Identifying print publishing partners
Even if a project is primarily digital, scholars and community partners may consider the publication of a print book, a series of articles, or another kind of written artifact. For many early career scholars, a monograph is crucial for tenure and promotion; and for community partners and participants published books can be an important part of leaving a legacy or reaching the widest possible audience.
There are a number of different ways to publish written work. They can be grouped into four categories: self-publishing services (SmashWords, Kindle Direct Publishing, IngramSpark, and many others); university presses (nonprofit scholarly presses); trade publishers (for-profit companies); and library publishing services.
Working with a self-publishing service or app offers the greatest autonomy and the least support. Creators can handle the production process themselves or pay for these services. However, it is very difficult to get self-published titles into the book distribution system and from there into bookstores and libraries. One advantage of Kindle Direct is its connection with Amazon, which provides a retail outlet. In selecting a platform or service, project partners should consider what distribution options are available and desirable.
Working with a publisher offers a number of advantages over self-publishing. Publishers offer professional copyediting, design, and marketing services. They can produce and distribute both print and e-books, have ongoing relationships with retail and wholesale distribution systems that serve libraries and booksellers, and have marketing and publicity networks. Many also have connections to international networks and partner presses in other countries. However, publishers will determine the mode and design of works they publish, as well as the pricing, distribution, and marketing of them. Project partners should be clear about their expectations and discuss these with publishers prior to signing a contract.
If the decision is made to work with a publisher, working with a university press is a good choice. University presses are nonprofit publishers that specialize in the publication of scholarly work, and many also have publishing programs focusing on the history and culture of their region.
In the following video Teresa Mangum and Anne Valk, the series editors of the Humanities and Public Life book series at the University of Iowa Press, highlight the importance of establishing structures and opportunities for the people doing publicly engaged work to reflect, document, and publish in ways that embody the collaborative relationships and messy processes of engaged research.
The Association of University Presses (AUPresses) website’s Finding a Publisher page is a good resource for finding the right press. Things to remember about university presses:
- Presses publish in specific subject areas. Your local university press may not be the best press to approach for the project.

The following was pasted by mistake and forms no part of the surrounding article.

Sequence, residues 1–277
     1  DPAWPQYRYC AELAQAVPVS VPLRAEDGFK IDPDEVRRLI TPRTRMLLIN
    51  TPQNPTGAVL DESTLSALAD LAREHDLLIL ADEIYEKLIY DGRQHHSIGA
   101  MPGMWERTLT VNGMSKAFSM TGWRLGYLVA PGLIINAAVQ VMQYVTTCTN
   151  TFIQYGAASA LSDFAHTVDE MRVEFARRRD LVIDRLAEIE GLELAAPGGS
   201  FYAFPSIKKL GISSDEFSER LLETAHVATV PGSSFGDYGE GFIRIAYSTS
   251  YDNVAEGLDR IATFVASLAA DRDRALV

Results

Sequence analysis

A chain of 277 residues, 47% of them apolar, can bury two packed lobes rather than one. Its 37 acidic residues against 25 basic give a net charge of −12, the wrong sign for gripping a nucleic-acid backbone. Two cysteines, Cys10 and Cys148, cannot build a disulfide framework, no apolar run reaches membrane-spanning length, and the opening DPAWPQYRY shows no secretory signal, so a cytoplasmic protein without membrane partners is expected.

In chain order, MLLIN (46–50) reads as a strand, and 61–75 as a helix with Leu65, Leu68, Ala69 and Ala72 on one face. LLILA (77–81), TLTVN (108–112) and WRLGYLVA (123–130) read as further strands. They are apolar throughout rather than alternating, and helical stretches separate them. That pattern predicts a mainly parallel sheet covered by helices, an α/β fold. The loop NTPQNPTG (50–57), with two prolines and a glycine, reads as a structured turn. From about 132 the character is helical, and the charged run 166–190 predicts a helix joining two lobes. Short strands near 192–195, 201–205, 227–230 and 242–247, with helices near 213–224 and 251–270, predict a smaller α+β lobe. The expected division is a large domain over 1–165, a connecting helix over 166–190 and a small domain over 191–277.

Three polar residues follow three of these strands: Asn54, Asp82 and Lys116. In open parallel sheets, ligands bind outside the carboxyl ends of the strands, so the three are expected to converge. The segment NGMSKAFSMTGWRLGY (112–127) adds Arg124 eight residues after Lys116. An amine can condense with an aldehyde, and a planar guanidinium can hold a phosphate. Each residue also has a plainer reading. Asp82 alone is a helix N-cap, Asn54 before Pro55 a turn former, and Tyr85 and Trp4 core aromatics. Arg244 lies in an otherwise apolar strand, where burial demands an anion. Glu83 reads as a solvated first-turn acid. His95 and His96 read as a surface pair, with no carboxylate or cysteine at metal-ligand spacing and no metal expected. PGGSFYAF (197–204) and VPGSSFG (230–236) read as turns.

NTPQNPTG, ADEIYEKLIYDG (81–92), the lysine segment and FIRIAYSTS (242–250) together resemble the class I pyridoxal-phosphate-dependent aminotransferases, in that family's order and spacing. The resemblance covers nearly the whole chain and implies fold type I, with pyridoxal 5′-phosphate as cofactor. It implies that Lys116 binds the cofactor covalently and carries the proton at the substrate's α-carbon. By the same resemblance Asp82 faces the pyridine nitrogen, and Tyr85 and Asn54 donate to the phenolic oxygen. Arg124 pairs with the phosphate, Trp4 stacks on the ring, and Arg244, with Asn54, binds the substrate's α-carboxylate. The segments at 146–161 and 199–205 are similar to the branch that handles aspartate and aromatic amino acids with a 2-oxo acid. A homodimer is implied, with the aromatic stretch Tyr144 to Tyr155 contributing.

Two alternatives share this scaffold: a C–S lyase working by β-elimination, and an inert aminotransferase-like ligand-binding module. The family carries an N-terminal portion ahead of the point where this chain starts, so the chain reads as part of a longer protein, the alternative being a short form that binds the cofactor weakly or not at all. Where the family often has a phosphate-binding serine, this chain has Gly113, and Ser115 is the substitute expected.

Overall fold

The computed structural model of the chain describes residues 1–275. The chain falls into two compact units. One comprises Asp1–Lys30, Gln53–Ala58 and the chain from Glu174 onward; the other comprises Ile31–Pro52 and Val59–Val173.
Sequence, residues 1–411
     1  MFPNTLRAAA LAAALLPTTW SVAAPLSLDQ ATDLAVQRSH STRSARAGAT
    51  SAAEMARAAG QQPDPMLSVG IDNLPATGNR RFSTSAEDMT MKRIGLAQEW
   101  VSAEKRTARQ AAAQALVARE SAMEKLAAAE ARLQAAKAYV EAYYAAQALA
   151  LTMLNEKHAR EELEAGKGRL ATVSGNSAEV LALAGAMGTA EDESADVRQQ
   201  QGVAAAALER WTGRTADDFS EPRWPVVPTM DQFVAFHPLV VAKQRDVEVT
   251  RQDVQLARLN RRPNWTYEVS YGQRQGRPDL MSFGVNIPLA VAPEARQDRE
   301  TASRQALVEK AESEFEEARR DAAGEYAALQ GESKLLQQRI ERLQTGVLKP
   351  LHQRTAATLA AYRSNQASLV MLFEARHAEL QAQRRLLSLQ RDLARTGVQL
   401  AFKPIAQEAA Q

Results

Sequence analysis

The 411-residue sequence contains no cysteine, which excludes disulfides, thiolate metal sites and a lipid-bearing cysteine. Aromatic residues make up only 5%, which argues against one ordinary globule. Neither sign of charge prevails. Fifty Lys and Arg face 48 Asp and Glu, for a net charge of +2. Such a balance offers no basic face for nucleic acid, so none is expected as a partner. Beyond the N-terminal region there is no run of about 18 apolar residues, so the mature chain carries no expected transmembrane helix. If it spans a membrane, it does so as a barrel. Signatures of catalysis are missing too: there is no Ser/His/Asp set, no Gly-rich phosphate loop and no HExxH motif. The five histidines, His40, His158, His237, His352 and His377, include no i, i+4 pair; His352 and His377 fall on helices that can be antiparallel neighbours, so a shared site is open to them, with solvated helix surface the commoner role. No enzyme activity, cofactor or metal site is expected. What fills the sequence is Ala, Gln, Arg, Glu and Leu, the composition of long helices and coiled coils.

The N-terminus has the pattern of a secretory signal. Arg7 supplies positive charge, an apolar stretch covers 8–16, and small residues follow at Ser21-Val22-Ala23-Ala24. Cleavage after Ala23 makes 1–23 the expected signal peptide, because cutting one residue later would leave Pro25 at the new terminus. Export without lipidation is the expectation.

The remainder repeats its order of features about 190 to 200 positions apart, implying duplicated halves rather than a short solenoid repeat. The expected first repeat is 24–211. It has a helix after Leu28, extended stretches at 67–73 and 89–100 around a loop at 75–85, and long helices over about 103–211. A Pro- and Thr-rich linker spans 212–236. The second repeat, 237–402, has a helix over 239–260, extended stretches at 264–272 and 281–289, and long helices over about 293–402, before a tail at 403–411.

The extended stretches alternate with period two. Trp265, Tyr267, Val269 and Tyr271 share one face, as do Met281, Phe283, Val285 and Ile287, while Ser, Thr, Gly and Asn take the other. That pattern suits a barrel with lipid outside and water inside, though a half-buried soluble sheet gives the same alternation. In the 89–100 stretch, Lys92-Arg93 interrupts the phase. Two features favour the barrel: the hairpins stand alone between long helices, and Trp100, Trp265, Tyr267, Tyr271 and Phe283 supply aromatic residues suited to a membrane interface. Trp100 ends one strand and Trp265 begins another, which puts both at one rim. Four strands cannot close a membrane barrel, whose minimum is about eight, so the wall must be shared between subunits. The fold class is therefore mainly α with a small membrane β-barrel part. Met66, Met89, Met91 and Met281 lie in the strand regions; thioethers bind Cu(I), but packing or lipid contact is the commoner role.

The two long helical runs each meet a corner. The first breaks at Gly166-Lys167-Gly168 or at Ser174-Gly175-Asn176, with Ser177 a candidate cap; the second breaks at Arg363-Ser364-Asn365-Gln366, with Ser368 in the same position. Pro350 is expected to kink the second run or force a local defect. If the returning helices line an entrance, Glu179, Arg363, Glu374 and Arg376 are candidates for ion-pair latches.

- They are nonprofit publishers that depend on sales and university funding. Even if your project is a good fit subject-wise, they may not have the budget to participate and alternate funding sources may be necessary.
- AUPresses’ AskUP website is a great place to ask questions.
Trade or commercial publishers are for-profit businesses that specialize in many different kinds of publishing, but mostly fiction and nonfiction books. Some commercial presses specialize in publishing scholarly books and journals, while others, usually called trade publishers, publish for broad readerships. These publishers will only take on books that they expect to sell well and meet high revenue targets. You can approach for-profit academic presses with a proposal, just as you would a university press. However, in most cases you will need to hire an agent to shop your proposal to the larger trade presses. Unless the project is very important to a broad audience and/or involves a high profile subject or location, trade publishers may not be a good choice as a potential collaborator.
In some cases larger libraries (both academic and public) may have their own publishing programs, offering e-book platforms like PressBooks and Manifold or print-on-demand services. These services may be available only to people affiliated with the institution, or they may function like commercial fee-for-service self-publishers, though the costs are likely to be lower. Library publishers are less likely than other presses to be connected to wholesale and retail networks. More information on library publishing may be found on the Library Publishing Coalition website and the Library Publishing Curriculum. The emergence of frameworks for scholarly communication, such as FOREST from Next Generation Library Publishing, offer a values-based library publishing model that could be adopted by public scholars and their partners.
One of the key tasks in collaborating on a publicly engaged project is to understand the values motivating the participants to do the work. In the sections that follow, we outline how taking a values-based approach using the HuMetricsHSS Values Framework and associated tools might help you work with publicly engaged scholars to develop a suitable publishing plan.
Section 5 Summary: What have you learned?
- Libraries are sponsors of and partners in many publicly engaged humanities projects
- Librarians have the knowledge and skills to help publicly engaged scholars and their partners navigate multiple formats and platforms, develop metadata to support greater discoverability and preservation, and decide whether and how to archive project outputs
- If project partners opt to publish a print or e-book, librarians can help them decide which publishing services are the best fit for the project